Angiotensin-converting enzyme inhibitors (ACEIs) have been available since the early 1980s, approved initially for hypertension.1,2 Their roles in clinical practice have continued to expand, with ongoing research being conducted in numerous therapeutic areas. ACEIs have clinical utility and FDA approval for use in hypertension and congestive heart failure, and increasing evidence and ongoing research support their use in coronary artery disease (CAD) as well. Ten agents are now available (Table). Although some differences exist in pharmacokinetic parameters, clinical trials suggest a class effect.3-5
The mechanism of action of ACEIs is described in the Figure. ACEIs block the conversion of angiotensin I to angiotensin II, a potent endogenous vasoconstrictor. This results in inhibition of angiotensin II at both vascular and renal sites and may attenuate the release of catecholamines. The effect of this blockage includes reduced aldosterone secretion, decreased peripheral vascular resistance, and decreased preload and afterload. The resultant clinical benefits include reductions in blood pressure and improvements in cardiac output.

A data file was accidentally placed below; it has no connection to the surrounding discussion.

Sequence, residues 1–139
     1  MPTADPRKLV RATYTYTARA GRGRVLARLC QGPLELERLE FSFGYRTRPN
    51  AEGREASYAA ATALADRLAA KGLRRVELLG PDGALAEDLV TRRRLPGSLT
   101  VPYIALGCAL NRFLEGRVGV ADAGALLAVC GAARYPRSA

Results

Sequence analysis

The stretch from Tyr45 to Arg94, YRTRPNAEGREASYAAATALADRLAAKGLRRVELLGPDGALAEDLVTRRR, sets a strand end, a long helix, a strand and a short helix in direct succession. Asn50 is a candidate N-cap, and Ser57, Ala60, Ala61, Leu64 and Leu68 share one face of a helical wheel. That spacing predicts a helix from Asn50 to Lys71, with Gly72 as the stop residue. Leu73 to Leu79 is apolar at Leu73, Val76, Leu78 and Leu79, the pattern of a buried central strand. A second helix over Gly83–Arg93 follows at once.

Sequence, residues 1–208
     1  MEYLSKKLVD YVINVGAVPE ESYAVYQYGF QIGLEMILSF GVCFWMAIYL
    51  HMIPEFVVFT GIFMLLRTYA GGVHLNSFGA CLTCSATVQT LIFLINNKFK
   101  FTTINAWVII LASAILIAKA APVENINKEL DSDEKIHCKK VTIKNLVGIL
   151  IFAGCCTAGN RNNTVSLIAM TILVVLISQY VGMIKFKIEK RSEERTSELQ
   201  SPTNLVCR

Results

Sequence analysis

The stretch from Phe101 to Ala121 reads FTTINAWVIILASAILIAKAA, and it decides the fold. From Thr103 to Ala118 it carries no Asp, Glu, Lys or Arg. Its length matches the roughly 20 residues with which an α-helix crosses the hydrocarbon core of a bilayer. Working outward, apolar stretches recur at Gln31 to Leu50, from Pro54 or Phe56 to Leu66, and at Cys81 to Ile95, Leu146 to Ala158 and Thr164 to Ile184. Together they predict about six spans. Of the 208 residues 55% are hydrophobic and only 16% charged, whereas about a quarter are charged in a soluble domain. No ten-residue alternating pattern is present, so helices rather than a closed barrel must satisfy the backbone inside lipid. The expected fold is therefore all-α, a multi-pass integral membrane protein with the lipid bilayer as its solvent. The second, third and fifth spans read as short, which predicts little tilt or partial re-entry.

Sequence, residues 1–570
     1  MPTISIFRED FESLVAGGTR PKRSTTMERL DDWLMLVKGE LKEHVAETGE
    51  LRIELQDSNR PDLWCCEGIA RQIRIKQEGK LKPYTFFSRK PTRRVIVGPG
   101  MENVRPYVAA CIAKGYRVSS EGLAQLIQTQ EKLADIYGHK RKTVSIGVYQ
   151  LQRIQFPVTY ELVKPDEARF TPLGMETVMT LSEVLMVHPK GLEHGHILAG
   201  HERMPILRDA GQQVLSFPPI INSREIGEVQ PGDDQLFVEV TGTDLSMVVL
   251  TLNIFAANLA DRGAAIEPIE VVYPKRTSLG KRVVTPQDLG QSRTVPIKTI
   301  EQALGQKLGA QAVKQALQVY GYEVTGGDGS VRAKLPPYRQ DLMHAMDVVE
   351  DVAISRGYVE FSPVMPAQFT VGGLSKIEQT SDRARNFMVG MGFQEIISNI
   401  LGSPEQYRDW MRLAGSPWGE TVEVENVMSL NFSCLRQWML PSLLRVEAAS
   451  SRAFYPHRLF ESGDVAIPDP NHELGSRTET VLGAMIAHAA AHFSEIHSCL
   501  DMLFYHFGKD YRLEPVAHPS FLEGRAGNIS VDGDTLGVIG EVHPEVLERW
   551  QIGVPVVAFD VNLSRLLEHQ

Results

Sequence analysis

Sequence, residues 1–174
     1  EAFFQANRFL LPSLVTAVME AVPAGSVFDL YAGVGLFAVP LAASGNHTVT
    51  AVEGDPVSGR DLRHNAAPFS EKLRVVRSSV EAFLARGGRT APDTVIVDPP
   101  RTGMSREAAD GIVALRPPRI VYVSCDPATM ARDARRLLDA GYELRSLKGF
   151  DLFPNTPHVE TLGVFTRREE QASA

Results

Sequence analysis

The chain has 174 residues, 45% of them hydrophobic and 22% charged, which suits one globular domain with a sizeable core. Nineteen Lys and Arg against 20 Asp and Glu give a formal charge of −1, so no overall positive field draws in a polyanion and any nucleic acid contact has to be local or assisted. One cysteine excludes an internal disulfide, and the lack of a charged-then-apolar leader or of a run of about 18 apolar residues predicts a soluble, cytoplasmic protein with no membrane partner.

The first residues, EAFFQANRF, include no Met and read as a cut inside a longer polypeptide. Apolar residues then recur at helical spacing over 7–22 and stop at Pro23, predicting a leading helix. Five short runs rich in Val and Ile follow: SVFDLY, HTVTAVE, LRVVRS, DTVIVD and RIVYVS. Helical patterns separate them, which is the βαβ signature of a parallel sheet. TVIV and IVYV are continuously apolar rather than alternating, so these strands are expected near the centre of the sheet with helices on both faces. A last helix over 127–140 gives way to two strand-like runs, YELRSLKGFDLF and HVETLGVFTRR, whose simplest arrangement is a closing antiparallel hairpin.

Other beneficial effects of ACEIs include reduction in glomerular pressure in the kidneys, supporting their role in diabetic neuropathy, in addition to inhibitor effects on the remodeling process in post?myocardial infarction patients. In addition to their effects on angiotensin II, ACEIs inhibit the degradation of bradykinin, a potent naturally occurring vasodilator. The benefits of this inhibition may include additional vasodilator benefits in both hypertension and heart failure.
Other alternative mechanisms also may be involved and may include the ability to reduce atherosclerotic progression and acute coronary events associated with arteriosclerosis. ACEI effects on arteriosclerosis may be mediated through their effects on plasminogen activator, vascular inflammation, and endothelial dysfunction.5-7
The adverse effects of ACEIs include hypotension, acute renal failure, cough, hyperkalemia, rash, and angioedema. The risk for hypotension is increased in patients with hyponatremia or in patients who have had recent increases in diuretic doses. Elderly patients and patients with low blood pressure should be started on low doses and titrated carefully.
Patients with renal impairment should be evaluated prior to the use of ACEIs, and lower doses are necessary. The mechanism of acute renal impairment is the loss of normal vasoconstrictor influences on the efferent arterioles from angiotensin II blockage, resulting in a reduction in hydrostatic pressure in the nephron. Acute renal failure may develop, especially if a patient is dependent on angiotensin-mediated efferent arteriolar vasoconstriction to maintain glomerular pressure.